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About FordHenry Ford was not the first automaker, but he was the first to conceive of the moving assembly line. Ford's genius for mass production and distribution made cars affordable for the middle class and brought auto dealerships to every town in the United States. In 1914, Ford built 300,000 Model Ts, compared with 200,000 cars for the rest of the auto industry. By 1922, a million "Tin Lizzies" had been built.
Ford's obsession with economies of scale enabled him to achieve ever-lower prices for the Model T (available in any color you wanted, so long as it was black), although at times he seemed to show an almost flagrant disregard for the actual desires of the market. The outmoded Model T was finally replaced in 1927 by the A, which proved wildly successful, selling four million units over its lifespan.
Ford's flathead V8 premiered in the 1932 Model 18, and the engine's fundamental design would continue in... View more production for an astounding 21 years. Into the early 1950s, the flathead remained a popular engine choice for hot-rodders. The horsepower race of the late '50s spawned the supercharged 312 V8 in 1957, conservatively rated at 300 horsepower, and the NASCAR-dominating 427 in 1963.
The sleekly styled Thunderbird, released in 1954, was Ford's answer to the Chevrolet Corvette. The sporty car would develop into a personal luxury car that remains one of Ford's flagships models today. In 1964, the revolutionary Ford Mustang would send Chevrolet scrambling to develop their own "pony car", the Camaro.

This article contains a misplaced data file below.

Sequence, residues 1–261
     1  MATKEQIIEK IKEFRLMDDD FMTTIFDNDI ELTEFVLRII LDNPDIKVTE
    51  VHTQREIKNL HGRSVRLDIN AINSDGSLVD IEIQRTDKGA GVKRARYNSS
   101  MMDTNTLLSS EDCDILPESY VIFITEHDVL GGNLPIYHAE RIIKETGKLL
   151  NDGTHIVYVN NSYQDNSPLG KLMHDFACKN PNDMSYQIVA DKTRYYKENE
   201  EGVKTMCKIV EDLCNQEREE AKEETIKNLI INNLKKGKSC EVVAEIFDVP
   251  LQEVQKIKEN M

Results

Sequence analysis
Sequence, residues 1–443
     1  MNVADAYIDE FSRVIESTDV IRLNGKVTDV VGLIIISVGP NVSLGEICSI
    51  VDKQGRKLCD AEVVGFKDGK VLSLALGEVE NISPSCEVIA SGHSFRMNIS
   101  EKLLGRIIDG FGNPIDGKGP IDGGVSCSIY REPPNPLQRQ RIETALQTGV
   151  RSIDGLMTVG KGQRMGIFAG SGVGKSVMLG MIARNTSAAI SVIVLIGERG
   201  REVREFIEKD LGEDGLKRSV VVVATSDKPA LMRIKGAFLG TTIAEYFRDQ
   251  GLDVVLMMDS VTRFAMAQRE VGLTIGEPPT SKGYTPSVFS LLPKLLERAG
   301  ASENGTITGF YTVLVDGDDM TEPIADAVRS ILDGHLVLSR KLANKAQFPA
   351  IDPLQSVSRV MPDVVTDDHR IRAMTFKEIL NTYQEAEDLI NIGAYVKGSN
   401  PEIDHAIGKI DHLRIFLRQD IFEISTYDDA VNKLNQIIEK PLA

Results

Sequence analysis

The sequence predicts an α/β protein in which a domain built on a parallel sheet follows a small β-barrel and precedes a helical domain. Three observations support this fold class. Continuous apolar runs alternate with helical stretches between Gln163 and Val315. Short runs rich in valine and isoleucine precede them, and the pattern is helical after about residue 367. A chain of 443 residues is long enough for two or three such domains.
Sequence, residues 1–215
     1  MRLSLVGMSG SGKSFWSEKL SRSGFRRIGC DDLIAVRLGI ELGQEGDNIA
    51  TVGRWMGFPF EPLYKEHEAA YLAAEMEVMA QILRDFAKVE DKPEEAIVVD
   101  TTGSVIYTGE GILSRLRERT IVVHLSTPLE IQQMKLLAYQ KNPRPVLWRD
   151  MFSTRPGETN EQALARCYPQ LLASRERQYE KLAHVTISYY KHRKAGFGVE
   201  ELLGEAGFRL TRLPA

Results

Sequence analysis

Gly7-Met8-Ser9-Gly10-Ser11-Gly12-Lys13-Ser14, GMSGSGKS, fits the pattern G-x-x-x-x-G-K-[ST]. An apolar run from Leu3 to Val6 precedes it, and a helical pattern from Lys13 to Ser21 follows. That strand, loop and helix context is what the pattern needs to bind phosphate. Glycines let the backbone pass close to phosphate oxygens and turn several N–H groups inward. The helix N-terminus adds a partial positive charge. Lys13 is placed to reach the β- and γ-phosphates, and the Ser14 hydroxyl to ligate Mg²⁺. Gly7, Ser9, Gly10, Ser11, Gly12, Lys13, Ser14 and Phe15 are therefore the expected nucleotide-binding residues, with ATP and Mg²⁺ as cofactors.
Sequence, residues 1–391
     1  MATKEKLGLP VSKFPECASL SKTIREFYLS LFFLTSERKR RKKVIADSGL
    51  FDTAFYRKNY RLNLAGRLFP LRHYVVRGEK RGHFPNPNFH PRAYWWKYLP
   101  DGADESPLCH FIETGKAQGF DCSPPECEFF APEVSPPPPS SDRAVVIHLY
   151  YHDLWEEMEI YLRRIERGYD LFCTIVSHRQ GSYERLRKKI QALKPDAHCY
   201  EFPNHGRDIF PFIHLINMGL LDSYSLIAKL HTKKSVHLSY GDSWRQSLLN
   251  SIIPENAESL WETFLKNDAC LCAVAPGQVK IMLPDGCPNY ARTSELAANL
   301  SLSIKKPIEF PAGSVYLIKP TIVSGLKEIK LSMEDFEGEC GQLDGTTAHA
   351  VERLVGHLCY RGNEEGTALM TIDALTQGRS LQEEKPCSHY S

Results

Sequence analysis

Ford had noticed the success of the compact Falcon and developed a similarly sized, low-priced personal coupe. The Mustang was born. With no competition, sales numbers for the Mustang were overwhelming, and Ford had to divert production Falcon production to Mustangs meet demand. Of those first pony cars, the Mustang is the only one to have remained in continual production. The fifth-generation Mustang was released in 2005.
Ford's best-selling vehicle, the F-150 pickup, has been the best-selling vehicle in the U.S. for 24 years. It has been the best-selling truck for 34 years. The F-Series line of trucks were born in 1948.
Ford's U.S. market share has shrunk about 25% in the past 15 years and now ranks second domestically'and fifth worldwide. In 2008, GM and Dodge received federal money to avoid bankruptcy, while Ford did not. Ford resized the company, cutting 30,000 jobs and shutting numerous factories. Ford also discontinued or sold off many of its brands. It owned Aston Martin from 1989 to 2007, Jaguar from 1989 to 2008, Volvo from 1999 to 2010, and Land Rover from 2000 to 2008. Ford still controls the Lincoln brand, but its Mercury brand was phased out after 2010.
But against stiff competition from foreign automakers, such as Toyota and Honda, Ford has performed well in recent quality surveys, with five Fords taking the top rankings for their class as assessed by J.D. Power and Associates in 2007.
Ford plans to introduce a plug-in hybrid in 2012 and currently produces four hybrid vehicles: the Escape, the Fusion, the Edge, and the Lincoln MKX. View less
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